Jersey’s relationship with the UK
The United Kingdom is Jersey's closest international partner. Deep social, cultural, economic, and constitutional links have been built and maintained between the two jurisdictions over hundreds of years.
Jersey: a Crown Dependency
The Bailiwick of Jersey, the Bailiwick of Guernsey and the Isle of Man form the Crown Dependencies, three island territories off the coast of Great Britain that are self-governing possessions of the Crown.
Despite being a Crown Dependency, a framework agreement signed in 2007 recognised that Jersey has an international identity which is distinct from that of the UK.
Jersey is not represented in the UK Parliament. Therefore, it is a constitutional rule that Parliament does not legislate for Jersey in matters of domestic competence, without the island’s consent.
The UK retains responsibility for the military defence of Jersey and representing the international interests of the island – but only after prior consultation.
- Only extends to the Crown Dependencies when the island’s authorities have been consulted and given consent.
- Where appropriate, legislation is normally extended through Order in Council under a specific enabling provision in an Act.
- For legislation to take effect in Jersey it must be approved by the States Assembly and registered by the Royal Court of Jersey
The States Assembly (Jersey’s parliament)
French and English are the official languages of the States.
49 Members are elected every four years in a general election.
The Chief Minister and Council of Ministers are elected from within the Assembly.
Passes legislation on all domestic matters, including taxation, law and order and the regulatory environment.
Agrees the Government of Jersey’s budget, corporate strategy and strategic priorities.
The Bailiff of Jersey is the President of the States, responsible for the orderly conduct of the States Assembly and its business.
The British Monarch is represented in Jersey through the Lieutenant-Governor.
Following the UK's departure from the EU, Jersey (alongside Guernsey and the Isle of Man) entered a formal Customs Arrangement with the UK in 2021, enabling the Island to trade with the UK free of tariffs, with no restrictions on quantities.
Jersey is part of the Common Travel Area (CTA) which allows free movement of people to and from the UK, the Republic of Ireland, Guernsey and the Isle of Man.
Jersey and the Channel Islands
Jersey is not alone in its position in the English Channel and, where it makes sense, the Island will cooperate closely with colleagues in Guernsey to foster a Channel Islands identity. Equally, where appropriate, Jersey fosters greater understanding of the similarities between Jersey and Guernsey and awareness of the limited areas where the islands differ.
Jersey and the European Union
Since the UK left the EU, Jersey's relationship with the EU is now governed by the UK-EU Trade and Cooperation Agreement (TCA). Jersey's participation is in relation to trade in goods and access to fisheries resources.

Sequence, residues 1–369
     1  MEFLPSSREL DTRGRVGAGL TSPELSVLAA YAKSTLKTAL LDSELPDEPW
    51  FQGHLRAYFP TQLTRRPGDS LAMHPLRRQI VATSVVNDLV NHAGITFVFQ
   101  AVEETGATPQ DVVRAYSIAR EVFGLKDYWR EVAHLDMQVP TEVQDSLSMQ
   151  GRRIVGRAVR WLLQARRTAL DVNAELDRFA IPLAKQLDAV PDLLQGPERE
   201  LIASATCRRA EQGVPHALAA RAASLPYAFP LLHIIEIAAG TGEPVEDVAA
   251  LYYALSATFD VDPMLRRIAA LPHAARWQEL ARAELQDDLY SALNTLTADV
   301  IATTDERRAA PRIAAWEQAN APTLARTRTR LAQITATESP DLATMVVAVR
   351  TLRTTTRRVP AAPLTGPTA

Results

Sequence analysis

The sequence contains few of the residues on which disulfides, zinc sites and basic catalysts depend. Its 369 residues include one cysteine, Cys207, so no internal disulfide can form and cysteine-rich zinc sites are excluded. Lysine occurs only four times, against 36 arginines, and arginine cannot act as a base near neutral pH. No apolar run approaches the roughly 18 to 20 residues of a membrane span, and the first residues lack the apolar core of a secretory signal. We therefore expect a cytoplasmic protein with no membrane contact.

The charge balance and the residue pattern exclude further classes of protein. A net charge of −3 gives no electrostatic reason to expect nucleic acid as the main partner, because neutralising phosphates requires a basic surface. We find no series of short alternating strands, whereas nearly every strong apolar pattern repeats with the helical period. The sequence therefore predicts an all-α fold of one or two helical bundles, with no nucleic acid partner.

Post-Brexit, Jersey is firmly committed to fully implementing its obligations under the TCA and to strengthening and maintaining its long-standing relationships, politically, economically and culturally, with its French neighbours and partners across Europe.
The Channel Islands Brussels Office (CIBO) ensures that Jersey's interests are promoted in Brussels and acts as the central engagement point with the EU institutions.
The Bureau des Îles Anglo-Normandes, located in Caen, promotes the interests of the Channel Islands in the French regions.
The European Relations team, part of the Ministry for External Relations, supports Jersey’s relationships across Europe, including through the network of European countries’ Embassies in London.
Jersey and France
Given their geographical proximity, historical links and common heritage, Jersey and France enjoy a strong relationship and work together in many areas.
Jersey enjoys strong regional links with Normandy and Brittany supported through cooperation agreements, which recognise and support the existing historic, social, cultural and economic links that the Island has with its closest neighbours.
La Maison de la Normandie is a public and non-profit organisation in Jersey which represents La Manche and Normandy in the Channel Islands. It maintains the continuity of diplomatic relations and develops economic, touristic, cultural and language exchanges
The States of Jersey, the Island’s Parliament, is a proud participant in the work of the Assemblée Parlementaire de la Francophonie.
Jersey’s Alliance Française helps improve islanders’ French language skills and promotes Francophone cultures. Such cultural understanding is further enhanced by the large number of twinnings between French towns and conurbations in the Island.
Jersey also enjoys good relations with France at the national level which is supported through regular Ministerial engagements. Jersey also has a presence in the British Embassy in Paris.